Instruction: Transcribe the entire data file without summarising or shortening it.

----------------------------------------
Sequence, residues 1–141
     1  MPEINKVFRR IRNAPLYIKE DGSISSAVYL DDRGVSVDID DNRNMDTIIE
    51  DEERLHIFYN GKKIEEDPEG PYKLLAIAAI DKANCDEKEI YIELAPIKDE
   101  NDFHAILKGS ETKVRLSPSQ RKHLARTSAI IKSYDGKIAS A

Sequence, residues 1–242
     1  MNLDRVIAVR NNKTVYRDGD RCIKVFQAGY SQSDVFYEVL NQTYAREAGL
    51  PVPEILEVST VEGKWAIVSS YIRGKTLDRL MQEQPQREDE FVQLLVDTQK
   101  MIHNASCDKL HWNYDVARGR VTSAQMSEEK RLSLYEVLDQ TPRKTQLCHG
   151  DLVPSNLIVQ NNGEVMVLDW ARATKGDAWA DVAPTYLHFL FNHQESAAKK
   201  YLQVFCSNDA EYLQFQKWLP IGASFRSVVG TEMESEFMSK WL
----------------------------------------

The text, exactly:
Sequence, residues 1–141
     1  MPEINKVFRR IRNAPLYIKE DGSISSAVYL DDRGVSVDID DNRNMDTIIE
    51  DEERLHIFYN GKKIEEDPEG PYKLLAIAAI DKANCDEKEI YIELAPIKDE
   101  NDFHAILKGS ETKVRLSPSQ RKHLARTSAI IKSYDGKIAS A

Sequence, residues 1–242
     1  MNLDRVIAVR NNKTVYRDGD RCIKVFQAGY SQSDVFYEVL NQTYAREAGL
    51  PVPEILEVST VEGKWAIVSS YIRGKTLDRL MQEQPQREDE FVQLLVDTQK
   101  MIHNASCDKL HWNYDVARGR VTSAQMSEEK RLSLYEVLDQ TPRKTQLCHG
   151  DLVPSNLIVQ NNGEVMVLDW ARATKGDAWA DVAPTYLHFL FNHQESAAKK
   201  YLQVFCSNDA EYLQFQKWLP IGASFRSVVG TEMESEFMSK WL